I first heard about Applied Materials’ exit from its SunFab amorphous-silicon turnkey-line business from Xunming Deng, head of Xunlight, whose Toledo, OH-area company I was visiting that July day. That a silicon thin-film guy delivered the news (and one running an outfit having its own “issues,” to boot) made the moment memorable and poignant. The following evening, when I had time to reflect and some liquid solace in my system, I realized that not only did I have a journalistic response to AMAT’s expensive failed endeavor—it was a HUGE story—but I had an emotional reaction as well: it felt like a gut-punch from a company I’d been covering for 20-plus years, which made me sad, disappointed, and yes, angry. Nearly a year later, recent announcements by AMAT thin-film customers T-Solar, Masdar PV, and Best Solar, companies actually manufacturing and deploying those almost six-meter-square modules, have compelled a fresh look at a technology and toolset that I’d given up for comatose, but is apparently conscious.
The intersection of Southern California Edison’s efforts to come up with smarter electrical distribution circuit technologies and its ongoing neighborhood commercial-rooftop solar power push could be seen symbolically in the guts of an open Satcon inverter box at the utility’s testing labs in Pomona, an eastern suburb of Los Angeles. The inverter is one of twenty-some units of various makes, types, and sizes being run through their paces with grid-simulation gear, addressing low-voltage ride-through, fault current, transient overvoltages, and other challenges that must be dealt with in order for inverters to become more than just passive components and help regulate voltage on the future, more renewably powered grid. Satcon is also the brand of choice so far for SCE’s deployment of small utility-scale, distributed PV generators mostly on top of warehouses in the Inland Empire of Southern California.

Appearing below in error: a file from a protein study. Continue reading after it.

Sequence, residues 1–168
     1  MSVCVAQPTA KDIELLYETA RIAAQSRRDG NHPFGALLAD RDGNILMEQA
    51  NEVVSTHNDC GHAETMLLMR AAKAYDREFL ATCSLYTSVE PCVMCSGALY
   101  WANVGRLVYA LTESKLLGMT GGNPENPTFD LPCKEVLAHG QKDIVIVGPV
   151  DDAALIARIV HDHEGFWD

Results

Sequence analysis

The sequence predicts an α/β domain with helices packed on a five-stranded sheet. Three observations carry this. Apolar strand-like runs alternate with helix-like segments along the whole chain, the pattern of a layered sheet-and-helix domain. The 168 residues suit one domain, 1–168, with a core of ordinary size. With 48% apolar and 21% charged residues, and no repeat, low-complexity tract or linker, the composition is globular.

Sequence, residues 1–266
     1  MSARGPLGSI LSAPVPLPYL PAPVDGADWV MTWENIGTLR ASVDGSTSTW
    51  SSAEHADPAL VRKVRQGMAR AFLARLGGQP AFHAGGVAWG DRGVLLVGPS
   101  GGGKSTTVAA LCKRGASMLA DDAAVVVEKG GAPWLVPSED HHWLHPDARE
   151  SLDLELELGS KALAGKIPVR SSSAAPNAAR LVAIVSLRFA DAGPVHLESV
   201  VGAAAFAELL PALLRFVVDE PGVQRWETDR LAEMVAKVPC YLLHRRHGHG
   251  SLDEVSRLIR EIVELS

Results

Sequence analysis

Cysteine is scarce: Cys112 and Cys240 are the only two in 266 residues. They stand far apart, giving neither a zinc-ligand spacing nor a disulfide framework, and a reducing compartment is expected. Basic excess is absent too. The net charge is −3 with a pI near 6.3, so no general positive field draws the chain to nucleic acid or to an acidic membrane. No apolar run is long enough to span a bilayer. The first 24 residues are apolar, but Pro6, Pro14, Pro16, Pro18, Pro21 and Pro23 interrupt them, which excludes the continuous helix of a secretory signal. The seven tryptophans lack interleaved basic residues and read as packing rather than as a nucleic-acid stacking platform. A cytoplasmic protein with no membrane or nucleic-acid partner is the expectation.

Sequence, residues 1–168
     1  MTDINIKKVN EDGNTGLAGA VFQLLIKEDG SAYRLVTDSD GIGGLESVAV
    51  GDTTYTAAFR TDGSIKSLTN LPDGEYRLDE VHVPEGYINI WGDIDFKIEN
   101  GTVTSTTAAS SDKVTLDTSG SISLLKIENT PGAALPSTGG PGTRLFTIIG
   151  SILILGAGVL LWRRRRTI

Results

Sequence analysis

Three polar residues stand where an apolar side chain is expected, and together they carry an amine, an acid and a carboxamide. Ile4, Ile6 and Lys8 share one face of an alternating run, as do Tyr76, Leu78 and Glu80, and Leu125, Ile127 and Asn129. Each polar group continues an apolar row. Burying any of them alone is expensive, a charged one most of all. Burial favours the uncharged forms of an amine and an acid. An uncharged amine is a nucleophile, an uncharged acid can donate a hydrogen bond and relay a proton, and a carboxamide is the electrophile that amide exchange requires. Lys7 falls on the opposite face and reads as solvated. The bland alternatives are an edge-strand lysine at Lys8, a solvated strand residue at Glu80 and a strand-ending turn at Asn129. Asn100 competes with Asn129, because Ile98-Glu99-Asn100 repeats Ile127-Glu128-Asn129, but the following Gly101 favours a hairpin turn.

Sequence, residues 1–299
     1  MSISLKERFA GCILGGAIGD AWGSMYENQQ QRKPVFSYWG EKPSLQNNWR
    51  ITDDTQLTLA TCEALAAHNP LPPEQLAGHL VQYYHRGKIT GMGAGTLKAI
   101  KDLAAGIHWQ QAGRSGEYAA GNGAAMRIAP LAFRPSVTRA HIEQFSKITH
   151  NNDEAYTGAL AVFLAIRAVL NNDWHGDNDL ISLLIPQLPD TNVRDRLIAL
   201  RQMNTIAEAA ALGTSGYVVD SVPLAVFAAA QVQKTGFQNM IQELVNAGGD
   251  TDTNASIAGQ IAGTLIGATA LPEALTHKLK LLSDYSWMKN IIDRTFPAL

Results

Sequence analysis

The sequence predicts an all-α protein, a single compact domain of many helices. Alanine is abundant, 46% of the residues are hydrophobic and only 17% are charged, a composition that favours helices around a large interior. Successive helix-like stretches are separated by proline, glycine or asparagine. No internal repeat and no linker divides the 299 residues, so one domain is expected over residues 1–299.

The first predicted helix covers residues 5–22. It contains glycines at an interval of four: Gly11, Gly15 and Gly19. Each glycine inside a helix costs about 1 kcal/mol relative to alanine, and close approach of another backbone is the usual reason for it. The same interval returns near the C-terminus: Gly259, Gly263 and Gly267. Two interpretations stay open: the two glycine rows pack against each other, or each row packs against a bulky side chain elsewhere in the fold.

A tired but happy PV-Tech/Photovoltaics International staff team made its way back to London ground after last week’s Intersolar Europe show. All in all, the event was hugely successful and called some industry naysayers to reason as to the PV sector’s viability in the wake of various market developments.
The UK solar industry’s worst fears have today been realised as Government ploughs ahead with its proposed feed-in tariff cuts. Paying absolutely no attention to industry’s kicking and screaming, the Department of Energy and Climate Change (DECC) has kept to its original plan and imposed ridiculously reduced rates of as little as 8.5p per kilowatt hour.
Although many have championed the potential transferability of production technologies developed and refined in semiconductor chipmaking to photovoltaic manufacturing, the two may have less in common than originally thought. To be sure, there are many lessons to be learned by the PV crowd from their uptown second cousins—they are both semiconductor-type processes, after all—yet most of the integrated circuiteers expertise doesn’t easily segue from chip fab to cell line. But one clutch of core competencies may have a legit shot at making the move as solar manufacturing goes gigawatt scale: process control and yield management. Enter KLA-Tencor’s FabVision Solar, a high-speed data-collection and analysis platform with roots in the company’s years of experience in the bare-wafer and IC sectors. It provides cell producers with a way to improve their understanding and control of their own processes and the defectivity that lurks therein, and thus increase their yields and factory productivity.